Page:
Bibliography

  • Burton, Vernon,  “Race and Reconstruction: Edgefield County, South Carolina”, Journal of Social History, Vol.12, No.1 (Autumn 1978) accessed 26/02/19, 31-56
  • Cox Richardson, Heather, The Death of Reconstruction: Race, Labor, and Politics in the Post-Civil War North,1865-1901 (Cambridge: Harvard University Press, 2001), 83-121
  • Gary, Martin, “Plan of the Campaign of 1876,” available in in Frances Butler Simkins and Robert H. Woody, South Carolina During Reconstruction, Appendix, p564
  • Foner, Eric, Reconstruction: America’s Unfinished Revolution 1863-1877, New American Nation Series. (New York: Harper and Row, 1988), 512-612
  • Hahn, Steven, A Nation Under Our Feet: Black Political Struggles in the Rural South, from Slavery to the Great Migration (Cambridge: Harvard University Press, 2003), 200-280
  • Keith, Leanna, The Colfax Massacre: The Untold Story of Black Power, White Terror and the Death of Reconstruction, ( New York: Oxford University Press, 2008) , xi-20
  • Michael Perman, The Road to Redemption: Southern Politics, 1869-1879 (Chapel Hill: University of North Carolina Press, 1984),178-277
  • Simkins, Francis B., “New Viewpoints of Southern Reconstruction”, Journal of Southern History, V (February, 1939),
  • Shapiro, Herbert. “The Ku Klux Klan During Reconstruction: The South Carolina Episode.” The Journal of Negro History 49, no. 1 (1964): 34-55. doi:10.2307/2716475.
  • Vann Woodward, C, Reunion and Reaction: The Compromise of 1877 and the End of Reconstruction, (Boston: Little Brown and Company, 1951), pp.xii-263
  • Zuczek, Richard, State of Rebellion: Reconstruction in South Carolina (Colombia University of South Carolina Press, 1996), p1-250

[1] C Vann Woodward, Reunion and Reaction: The Compromise of 1877 and the End of Reconstruction (Boston: Little Brown and Company 1951), 246

[2] Woodward, Reunion and Reaction, 246

[3] Steven Hahn, A Nation Under Our Feet: Black Political Struggles in the Rural South, from Slavery to the Great Migration (Cambridge: Harvard University Press, 2003), 268

[4] Eric Foner, Reconstruction: America’s Unfinished Revolution 1863-1877, New American Nation Series, (New York: Harper and Row, 1988), 437

[5] LeAnna Keith, The Colfax Massacre: The Untold Story of Black Power, White Terror and the Death of Reconstruction (New York: Oxford University Press, 2009), xiv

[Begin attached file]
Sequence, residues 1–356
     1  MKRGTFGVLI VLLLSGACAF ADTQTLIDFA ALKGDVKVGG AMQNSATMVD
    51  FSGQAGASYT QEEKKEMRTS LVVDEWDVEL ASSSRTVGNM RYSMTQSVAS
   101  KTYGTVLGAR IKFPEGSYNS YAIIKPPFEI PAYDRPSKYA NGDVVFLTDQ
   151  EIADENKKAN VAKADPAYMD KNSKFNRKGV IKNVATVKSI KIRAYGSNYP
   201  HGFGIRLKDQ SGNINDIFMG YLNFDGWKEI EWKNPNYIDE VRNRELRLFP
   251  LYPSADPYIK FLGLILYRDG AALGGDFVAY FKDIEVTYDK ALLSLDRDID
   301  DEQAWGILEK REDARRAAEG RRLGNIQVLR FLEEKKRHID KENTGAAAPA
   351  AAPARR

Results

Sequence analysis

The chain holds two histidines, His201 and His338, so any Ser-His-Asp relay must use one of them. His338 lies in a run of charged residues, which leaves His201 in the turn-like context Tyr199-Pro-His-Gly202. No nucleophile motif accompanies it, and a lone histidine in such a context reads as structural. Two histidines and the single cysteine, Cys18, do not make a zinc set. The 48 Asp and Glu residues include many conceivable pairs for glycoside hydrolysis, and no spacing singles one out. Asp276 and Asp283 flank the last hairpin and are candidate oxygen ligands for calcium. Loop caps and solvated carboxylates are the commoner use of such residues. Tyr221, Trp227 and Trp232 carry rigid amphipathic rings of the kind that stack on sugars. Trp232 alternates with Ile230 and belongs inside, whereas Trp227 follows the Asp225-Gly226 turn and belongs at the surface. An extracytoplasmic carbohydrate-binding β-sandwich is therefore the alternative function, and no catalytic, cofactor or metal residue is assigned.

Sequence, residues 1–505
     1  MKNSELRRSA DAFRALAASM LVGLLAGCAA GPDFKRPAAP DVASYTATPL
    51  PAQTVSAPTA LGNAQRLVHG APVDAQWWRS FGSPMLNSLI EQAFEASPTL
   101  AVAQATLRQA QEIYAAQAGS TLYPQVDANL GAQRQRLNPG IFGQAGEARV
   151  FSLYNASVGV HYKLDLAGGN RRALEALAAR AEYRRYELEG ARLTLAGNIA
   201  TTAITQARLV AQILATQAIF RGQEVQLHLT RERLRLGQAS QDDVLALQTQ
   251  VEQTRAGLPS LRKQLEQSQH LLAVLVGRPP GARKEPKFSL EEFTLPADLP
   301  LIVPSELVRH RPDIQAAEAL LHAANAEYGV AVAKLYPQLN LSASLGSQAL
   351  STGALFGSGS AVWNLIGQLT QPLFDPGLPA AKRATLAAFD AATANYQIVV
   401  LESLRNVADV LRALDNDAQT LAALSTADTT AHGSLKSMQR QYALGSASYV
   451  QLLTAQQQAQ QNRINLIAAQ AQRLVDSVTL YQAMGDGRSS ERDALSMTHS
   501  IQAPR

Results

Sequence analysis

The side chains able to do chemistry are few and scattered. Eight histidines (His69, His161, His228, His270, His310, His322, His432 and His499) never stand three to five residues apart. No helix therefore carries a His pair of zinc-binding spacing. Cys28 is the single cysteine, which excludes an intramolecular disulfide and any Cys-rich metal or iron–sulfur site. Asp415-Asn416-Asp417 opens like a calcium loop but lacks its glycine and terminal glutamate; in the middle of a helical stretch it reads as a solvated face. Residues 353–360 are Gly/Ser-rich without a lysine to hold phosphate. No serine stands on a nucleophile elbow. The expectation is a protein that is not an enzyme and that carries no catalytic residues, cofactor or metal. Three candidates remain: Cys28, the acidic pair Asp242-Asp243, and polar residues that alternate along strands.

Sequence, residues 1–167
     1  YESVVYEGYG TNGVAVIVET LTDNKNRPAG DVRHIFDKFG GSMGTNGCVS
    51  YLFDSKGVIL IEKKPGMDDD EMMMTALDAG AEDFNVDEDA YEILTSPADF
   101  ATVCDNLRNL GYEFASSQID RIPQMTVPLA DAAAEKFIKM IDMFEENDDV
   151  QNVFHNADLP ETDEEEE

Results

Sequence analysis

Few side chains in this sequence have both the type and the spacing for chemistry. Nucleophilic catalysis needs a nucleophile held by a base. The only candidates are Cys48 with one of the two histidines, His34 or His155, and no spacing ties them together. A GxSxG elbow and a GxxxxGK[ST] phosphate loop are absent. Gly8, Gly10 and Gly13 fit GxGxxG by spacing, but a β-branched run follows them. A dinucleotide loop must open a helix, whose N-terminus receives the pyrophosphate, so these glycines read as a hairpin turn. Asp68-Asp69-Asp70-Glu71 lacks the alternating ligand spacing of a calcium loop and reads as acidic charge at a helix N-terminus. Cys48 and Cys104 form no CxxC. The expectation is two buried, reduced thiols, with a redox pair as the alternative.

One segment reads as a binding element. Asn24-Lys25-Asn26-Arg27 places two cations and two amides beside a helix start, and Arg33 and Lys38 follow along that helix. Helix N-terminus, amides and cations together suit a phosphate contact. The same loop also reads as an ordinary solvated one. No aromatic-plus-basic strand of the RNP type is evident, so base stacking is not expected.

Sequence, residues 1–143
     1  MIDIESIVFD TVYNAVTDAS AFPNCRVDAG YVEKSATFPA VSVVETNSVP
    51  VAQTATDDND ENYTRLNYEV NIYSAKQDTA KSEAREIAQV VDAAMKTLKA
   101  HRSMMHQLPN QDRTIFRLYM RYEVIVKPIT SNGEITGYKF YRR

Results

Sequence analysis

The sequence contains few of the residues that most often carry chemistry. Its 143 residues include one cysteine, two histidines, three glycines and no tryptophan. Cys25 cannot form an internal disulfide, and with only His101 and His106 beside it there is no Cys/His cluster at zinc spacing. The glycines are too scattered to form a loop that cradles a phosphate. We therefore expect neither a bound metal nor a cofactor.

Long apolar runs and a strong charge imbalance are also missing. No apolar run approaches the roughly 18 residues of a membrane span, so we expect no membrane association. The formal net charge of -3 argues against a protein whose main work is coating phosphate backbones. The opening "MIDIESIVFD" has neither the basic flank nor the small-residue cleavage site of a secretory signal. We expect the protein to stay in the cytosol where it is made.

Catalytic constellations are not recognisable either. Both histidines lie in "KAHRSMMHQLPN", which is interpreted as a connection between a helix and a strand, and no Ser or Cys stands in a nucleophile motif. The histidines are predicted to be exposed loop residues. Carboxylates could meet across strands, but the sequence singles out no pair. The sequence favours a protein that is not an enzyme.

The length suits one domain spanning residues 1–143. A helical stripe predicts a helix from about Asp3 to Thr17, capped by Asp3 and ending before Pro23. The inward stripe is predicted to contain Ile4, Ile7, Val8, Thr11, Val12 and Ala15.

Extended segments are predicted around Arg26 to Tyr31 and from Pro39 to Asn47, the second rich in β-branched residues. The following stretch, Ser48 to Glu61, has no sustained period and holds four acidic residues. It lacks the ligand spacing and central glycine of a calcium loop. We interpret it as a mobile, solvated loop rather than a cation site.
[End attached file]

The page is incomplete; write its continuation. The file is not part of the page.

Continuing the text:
[6] Foner Reconstruction: America’s Unfinished Revolution 1863-1877, 437

[7] Keith, The Colfax Massacre, xv

[8] Francis B. Simkins, “New Viewpoints of Southern Reconstruction”, Journal of Southern History, V (February 1939), 50

[9] Herbert Shapiro. “The Ku Klux Klan During Reconstruction: The South Carolina Episode.” The Journal of Negro History 49, no. 1 (1964), 49

[10] Shapiro, “The Ku Klux Klan During Reconstruction”, 50

[11] Hahn, A Nation Under Our Feet, 303

[12] Vernon Burton, “Race and Reconstruction: Edgefield County, South Carolina”, Journal of Social History, Vol.12, No.1 (Autumn 1978) accessed 26/02/19, 34

[13] Eric Foner, Reconstruction: America’s Unfinished Revolution 1863-1877, 535

[14] ibid,535

[15] ibid, 537

[16] Michael Perman, The Road to Redemption: Southern Politics, 1869-1879 (Chapel Hill: University of North Carolina Press, 1984), 240

[17] Perman, The Road to Redemption, 241

[18] ibid, 242

[19] Burton, “Race and Reconstruction”,32

[20] Perman, The Road to Redemption, 225

[21] ibid, 225

[22] Richard Zuczek, State of Rebellion: Reconstruction in South Carolina. Colombia University of South Carolina Press, 1996, 10

[23] Heather Cox Richardson, The Death of Reconstruction: Race, Labor, and Politics in the Post-Civil War North, 186-1901 (Cambridge: Harvard University Press, 2001, 89

[24] Foner, 570

[25] Foner, 570

[26]Martin W. Gary, “Plan of the Campaign of 1876,” available in in Frances Butler Simkins and Robert H. Woody, South Carolina During Reconstruction, Appendix, p564

[27] Hahn, A Nation Under Our Feet, 311

[28] Hahn, A Nation Under Our Feet, 311

[29] Hahn, 265